Mark Lee

About Mark Lee

Editor, author and writer with career spanning print, radio, television and new media.

It would be hypocritical to say, “I hope when these few lines reach, you will be in good health.” Your passing is untimely. Whether we are fans of yours or not, you came to represent the child in us: the yearning to be forever young. This is especially so for those of us who grew up with you. As long as you maintained media attention with your music and your antics, you seemed ageless and that kept us from having aged.

You certainly had your impact on us in the Caribbean and in Jamaica in particular. Well it started with you and your brothers. You all burst on the scene just when we were as a people trying to sort out who we really were – something you seem to have pursued your entire life. The black power and civil rights movements were at their height in your country and we, while we had had been independent from Britain for seven years, did not feel as if we really had political power.

People of African descent with dark skin were in the majority and we had a man with woolly hair as our prime minister but most of us were still viewed as strangers within the gates – at least that’s how it seemed when you visited most offices in Kingston.

That situation stirred social and intellectual foment that impacted all aspects of our life and culture. Although there was a general discontent, there was no unified response. We grouped into different social political and religious camps. The political camps were left wing and right wing but the right was more unified.

We had Marxist socialists and democratic socialists on the left and hovering in a sort of no-man’s-land we had the Rastafari which started in the 1930s as a poor man’s self empowering reaction to African disenfranchisement and by 1968 was gaining acceptance across all classes. The common banner for our agitation was ‘consciousness’.

Those of us in high school in 1969/70/71 were groping for an identity. We embraced the American Soul movement. We were saddened by the slaying of Martin Luther King Jr; our girls were wearing unprocessed hair in the style first known as the Makeba and then we all, boys and girls, tried to outdo Angela Davis’s huge Afro, which itself came to be personified as soul.

The big Afros of you and your brothers qualified you as part of the Soul movement that shared space with Carlos Santana, Exuma the Obeah Man, Last Poets, the Wailers, the Abyssinians, Hugh Roy… But at some point, Soul lost its radical edge and was excluded from the Conscious movement. The Soul boys (girls) with their big bell bottom pants, platform shoes, and funky music came to be seen as an American plastic, bubblegum subculture with folks like you and your brothers as their leader.

A soul bwoy (girl) would be regarded derisively by those of us conscious brethren (sistren) with our gun mouth pants (sisters in long skirts), bushy hair and Clarke’s booties.

During his Thriller phase.
During his Thriller phase.
Michael Jackson

We lost touch as soul boys went off moon walking, crotch grabbing, Jheri curling, skin lightening and coke snorting. We were locks growing, vegetable eating, reggae skanking chanting down Babylon. We were glad to see that you were making millions and hailed by your loyal subjects as the king of pop, even if it were a self awarded title. But we were more saddened by the news of your court cases related to the abuse of little boys, your admitting to and seeing nothing wrong with sleeping with them and the continuous loss of your African features. $20 million was a lot to settle a case in which you maintained your innocence. At least you admitted to deliberately changing your broad nose but you insisted and guess would still do that your loss of pigmentation was caused by vitiligo.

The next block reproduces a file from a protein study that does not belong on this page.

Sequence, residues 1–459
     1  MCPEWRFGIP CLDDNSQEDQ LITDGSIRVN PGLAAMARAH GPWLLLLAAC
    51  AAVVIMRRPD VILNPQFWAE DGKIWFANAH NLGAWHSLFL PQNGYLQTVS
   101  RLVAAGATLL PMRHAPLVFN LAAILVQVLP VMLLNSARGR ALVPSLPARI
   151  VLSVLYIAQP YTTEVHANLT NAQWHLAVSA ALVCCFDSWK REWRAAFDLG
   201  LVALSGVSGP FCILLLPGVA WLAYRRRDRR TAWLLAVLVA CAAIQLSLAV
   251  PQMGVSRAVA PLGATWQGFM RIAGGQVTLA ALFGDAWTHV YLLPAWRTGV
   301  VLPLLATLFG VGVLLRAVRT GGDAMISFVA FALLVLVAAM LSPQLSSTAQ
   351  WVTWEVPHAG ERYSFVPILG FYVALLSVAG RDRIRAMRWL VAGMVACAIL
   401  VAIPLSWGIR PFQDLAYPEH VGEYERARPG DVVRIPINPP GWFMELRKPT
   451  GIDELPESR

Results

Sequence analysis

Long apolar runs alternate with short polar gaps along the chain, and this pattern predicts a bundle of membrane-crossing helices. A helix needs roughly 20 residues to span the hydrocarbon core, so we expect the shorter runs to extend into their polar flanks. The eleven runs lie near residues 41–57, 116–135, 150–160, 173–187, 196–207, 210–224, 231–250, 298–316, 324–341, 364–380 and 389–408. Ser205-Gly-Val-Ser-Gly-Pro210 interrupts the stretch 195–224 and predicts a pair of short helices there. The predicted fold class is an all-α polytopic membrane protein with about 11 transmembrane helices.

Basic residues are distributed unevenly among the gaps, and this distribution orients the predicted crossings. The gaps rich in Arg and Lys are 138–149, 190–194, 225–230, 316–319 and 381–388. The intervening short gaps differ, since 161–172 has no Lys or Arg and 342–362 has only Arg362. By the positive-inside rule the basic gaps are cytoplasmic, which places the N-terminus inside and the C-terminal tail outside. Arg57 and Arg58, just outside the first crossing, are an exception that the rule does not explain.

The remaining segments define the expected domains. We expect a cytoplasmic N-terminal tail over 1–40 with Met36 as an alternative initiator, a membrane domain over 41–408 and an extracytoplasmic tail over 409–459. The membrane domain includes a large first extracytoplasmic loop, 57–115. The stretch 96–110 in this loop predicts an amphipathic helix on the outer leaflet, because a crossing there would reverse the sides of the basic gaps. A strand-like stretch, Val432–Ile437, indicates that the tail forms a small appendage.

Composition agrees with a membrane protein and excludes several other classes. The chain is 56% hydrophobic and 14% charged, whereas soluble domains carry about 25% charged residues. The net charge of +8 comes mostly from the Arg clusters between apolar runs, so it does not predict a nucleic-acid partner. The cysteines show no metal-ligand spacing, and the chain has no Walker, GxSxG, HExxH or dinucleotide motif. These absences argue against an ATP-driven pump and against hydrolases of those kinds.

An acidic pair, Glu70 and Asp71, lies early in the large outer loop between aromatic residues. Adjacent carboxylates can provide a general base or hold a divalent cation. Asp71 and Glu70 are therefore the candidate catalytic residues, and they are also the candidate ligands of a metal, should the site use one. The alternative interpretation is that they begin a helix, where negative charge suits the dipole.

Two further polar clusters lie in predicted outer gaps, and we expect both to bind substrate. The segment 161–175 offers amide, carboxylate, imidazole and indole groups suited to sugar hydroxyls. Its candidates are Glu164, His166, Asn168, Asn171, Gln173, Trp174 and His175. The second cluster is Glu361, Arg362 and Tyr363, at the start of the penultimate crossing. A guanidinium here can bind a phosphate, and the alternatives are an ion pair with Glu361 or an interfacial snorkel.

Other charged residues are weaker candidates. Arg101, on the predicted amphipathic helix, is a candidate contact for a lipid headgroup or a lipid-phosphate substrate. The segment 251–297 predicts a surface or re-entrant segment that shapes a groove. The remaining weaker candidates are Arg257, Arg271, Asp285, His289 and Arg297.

It’s not hard to imagine how devastating it might have been to reach the realization that not withstanding your millions from music and entertainment and your adoration across races around the world, there was still rejection of your native humanity within the borders of the country in which you were born.

It’s tough. Even Barack Obama with 50 per cent white blood (half human?) must live looking over his shoulder, wondering if the man in the pew behind him has a Heckler & Koch MP5 submachine gun hidden under his long coat, or if someone is planning the first ever US coup d’etat to get rid of the new king of cool in the White House.

Today, like you, we in the Caribbean still don’t know who we are. The rich still identify with anywhere but Jamaica. Like you, the poor in the slums, who have multiplied like flies, use bleaching creams and hair straighteners to become light skinned ‘brownings’. Reggae has lost its cutting edge and been overcome by a version of dance-hall where only sex and violence are celebrated; Rastafari has become a reformist movement where it still exists; the Marxists and democratic socialists evaporated and morphed with the misty right into a wishy-washy political movement committed only to corruption and self enrichment.

If you wake up in heaven or hell, you’ll likely be your old black kinky hair self and if you see the king and crown prince of reggae, Marley and Brown, please tell them their successors are yet to be named. So if it’s any comfort, your title will be available for some while yet – and that may keep some of us waiting in line forever young.

Walk good.